NEC calls it quits on smartphones after Lenovo deal falls through—is Huawei/HTC next?

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NEC’s first smartphones were comically large (just kidding—that’s a DNA analyzer).
NEC’s first smartphones were comically large (just kidding—that’s a DNA analyzer).
Image: Kyodo via AP Images

There was a time when NEC was the 500 lb. gorilla in Japan’s cellphone market with a 27% market share—then came smartphones. Faced with competition from the likes of Apple and Samsung, NEC’s share quickly shrunk to a measly 5%; after spending six months unsuccessfully trying to negotiate a partnership with China’s Lenovo, the company has decided to exit the smartphone business entirely, according to a report by the Nikkei newspaper.

Japan’s smartphone market is brutal, dominated by fickle mobile carriers and fad-chasing consumers. As in the rest of the world, it is also intensely competitive: In addition to Apple and Samsung, there are five homegrown firms—Sony, Fujitsu, Sharp, Panasonic, and Kyocera—who are vying for a spot in users’ pockets.

Still, Japan once had ten handset makers before the relentless economics of smartphones winnowed the crowd. And NEC (which will reportedly keep making non-smartphones for Japan’s elderly) won’t be the last firm to bow out. Who’s next? Well, JP Morgan analyst Alvin Kwock said in a note this week that Taiwan’s struggling smartphone vendor HTC may be forced to consider being acquired by the Chinese mobile telecommunications equipment maker Huawei to survive.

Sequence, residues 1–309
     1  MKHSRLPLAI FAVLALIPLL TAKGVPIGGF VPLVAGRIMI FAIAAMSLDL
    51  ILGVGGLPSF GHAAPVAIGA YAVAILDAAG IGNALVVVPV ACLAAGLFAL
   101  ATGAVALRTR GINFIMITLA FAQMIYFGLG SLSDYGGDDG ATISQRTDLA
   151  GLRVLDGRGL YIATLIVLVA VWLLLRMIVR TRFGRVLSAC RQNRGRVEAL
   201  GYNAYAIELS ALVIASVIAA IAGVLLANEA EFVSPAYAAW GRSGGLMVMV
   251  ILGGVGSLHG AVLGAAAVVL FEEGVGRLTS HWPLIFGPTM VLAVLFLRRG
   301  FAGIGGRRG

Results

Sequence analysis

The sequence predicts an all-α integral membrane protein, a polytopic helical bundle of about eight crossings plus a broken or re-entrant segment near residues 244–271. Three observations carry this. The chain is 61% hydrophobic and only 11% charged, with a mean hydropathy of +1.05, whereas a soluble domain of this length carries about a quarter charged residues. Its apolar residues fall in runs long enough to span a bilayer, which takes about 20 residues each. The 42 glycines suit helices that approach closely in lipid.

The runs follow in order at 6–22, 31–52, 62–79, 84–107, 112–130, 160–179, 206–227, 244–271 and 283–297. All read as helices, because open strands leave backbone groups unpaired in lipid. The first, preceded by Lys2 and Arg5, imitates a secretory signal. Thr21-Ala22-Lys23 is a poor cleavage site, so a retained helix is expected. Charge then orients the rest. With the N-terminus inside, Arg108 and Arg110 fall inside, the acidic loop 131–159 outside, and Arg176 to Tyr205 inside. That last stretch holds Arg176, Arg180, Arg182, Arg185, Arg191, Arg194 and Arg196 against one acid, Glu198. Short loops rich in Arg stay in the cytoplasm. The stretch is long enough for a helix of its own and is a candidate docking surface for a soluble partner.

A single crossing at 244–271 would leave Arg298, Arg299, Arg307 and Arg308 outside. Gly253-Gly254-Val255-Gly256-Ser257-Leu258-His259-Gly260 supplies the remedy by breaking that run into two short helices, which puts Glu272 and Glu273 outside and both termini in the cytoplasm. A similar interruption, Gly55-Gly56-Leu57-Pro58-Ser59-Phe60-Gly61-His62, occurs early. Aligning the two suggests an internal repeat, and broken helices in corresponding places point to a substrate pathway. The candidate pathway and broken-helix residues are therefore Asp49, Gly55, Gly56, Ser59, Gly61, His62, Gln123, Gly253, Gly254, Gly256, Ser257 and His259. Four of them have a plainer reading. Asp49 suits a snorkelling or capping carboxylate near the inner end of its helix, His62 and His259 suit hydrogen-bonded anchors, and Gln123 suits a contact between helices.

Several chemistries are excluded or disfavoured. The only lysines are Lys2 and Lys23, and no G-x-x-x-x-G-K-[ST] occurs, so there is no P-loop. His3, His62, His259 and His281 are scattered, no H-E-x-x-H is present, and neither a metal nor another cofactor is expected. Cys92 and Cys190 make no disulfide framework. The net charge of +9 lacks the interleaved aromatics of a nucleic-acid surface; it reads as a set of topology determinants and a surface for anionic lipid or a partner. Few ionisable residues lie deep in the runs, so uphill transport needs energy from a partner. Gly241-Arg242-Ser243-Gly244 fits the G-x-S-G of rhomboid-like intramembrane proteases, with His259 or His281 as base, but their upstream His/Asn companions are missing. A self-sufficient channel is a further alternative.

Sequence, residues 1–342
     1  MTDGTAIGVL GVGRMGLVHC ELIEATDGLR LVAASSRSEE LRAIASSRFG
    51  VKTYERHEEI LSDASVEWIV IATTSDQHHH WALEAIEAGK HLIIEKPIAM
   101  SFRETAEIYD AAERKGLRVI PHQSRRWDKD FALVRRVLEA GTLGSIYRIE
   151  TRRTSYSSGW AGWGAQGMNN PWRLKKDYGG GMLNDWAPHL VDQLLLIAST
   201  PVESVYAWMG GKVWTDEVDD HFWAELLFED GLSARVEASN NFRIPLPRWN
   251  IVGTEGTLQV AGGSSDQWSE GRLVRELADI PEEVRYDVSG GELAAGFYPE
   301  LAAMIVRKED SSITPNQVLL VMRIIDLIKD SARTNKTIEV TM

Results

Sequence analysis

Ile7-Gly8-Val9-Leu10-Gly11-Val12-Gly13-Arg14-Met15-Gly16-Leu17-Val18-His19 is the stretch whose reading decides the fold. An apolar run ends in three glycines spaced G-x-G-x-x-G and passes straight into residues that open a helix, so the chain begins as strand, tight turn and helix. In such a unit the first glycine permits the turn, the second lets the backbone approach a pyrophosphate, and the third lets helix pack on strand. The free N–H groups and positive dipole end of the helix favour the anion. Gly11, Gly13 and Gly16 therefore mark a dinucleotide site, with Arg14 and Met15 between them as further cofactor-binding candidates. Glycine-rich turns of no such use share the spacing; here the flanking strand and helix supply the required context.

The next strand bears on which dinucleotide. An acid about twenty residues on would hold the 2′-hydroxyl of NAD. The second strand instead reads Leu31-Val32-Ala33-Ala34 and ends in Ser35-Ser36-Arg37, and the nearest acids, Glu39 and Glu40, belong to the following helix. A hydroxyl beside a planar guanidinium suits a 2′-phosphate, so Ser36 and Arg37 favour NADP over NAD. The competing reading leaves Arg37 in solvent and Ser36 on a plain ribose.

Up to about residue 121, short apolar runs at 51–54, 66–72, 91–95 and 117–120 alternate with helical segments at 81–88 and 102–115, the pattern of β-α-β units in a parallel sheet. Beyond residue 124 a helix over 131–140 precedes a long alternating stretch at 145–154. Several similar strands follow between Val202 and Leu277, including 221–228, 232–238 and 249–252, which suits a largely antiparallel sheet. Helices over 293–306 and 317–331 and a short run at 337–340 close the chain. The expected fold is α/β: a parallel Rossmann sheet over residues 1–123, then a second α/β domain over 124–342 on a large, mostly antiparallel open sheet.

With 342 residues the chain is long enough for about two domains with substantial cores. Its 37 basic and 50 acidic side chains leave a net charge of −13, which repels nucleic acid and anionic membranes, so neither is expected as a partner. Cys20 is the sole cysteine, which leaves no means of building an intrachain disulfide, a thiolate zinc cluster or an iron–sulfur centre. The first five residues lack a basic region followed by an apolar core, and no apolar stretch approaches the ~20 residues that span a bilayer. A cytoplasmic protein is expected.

“With a hero product [the new HTC One] unable to turn its prospects around, the other game changer could be a merger,” Kwock said.

HTC, much like NEC, has struggled to find a foothold in the rapidly changing smartphone marketplace. Once a dominant maker of mid-market handsets, it placed a big bet on building a flagship superphone, the HTC One, that could compete with the iPhone and Samsung’s Galaxy 4. Despite positive reviews and a promise from CEO Peter Chou that he would resign if it wasn’t a success, the phone ran into production and distribution problems, and HTC’s stock has plunged.

In many ways Huawei would be an intriguing merger partner—it has extensive logistics and distribution expertise and a solid business in China, the world’s fastest-growing smartphone market, but less experience building consumer-facing brands, or creating the kind of smartphone that spurs consumers’ gadget lust.

“Combining Huawei’s China expertise with a brand that has a superior product and consumer experience could boost future growth for the company by bringing complementary expertise in-house,” Kwock said. Lenovo, also eager to get further into the smartphone business,* is another potential HTC partner.

A combined Huawei-HTC has more than a few complications—it would tie together a major Taiwanese firm with one from mainland China, and Huawei* is politically radioactive in the United States for its perceived ties to the People’s Liberation Army. But it would also pair two companies with complimentary weaknesses in a market where it seems that only the strong can survive.

Correction: An earlier version of this post incorrectly reported that Lenovo was not already making smartphones, which it is in China, and that HTC, rather than Huawei, is politically under fire in the US.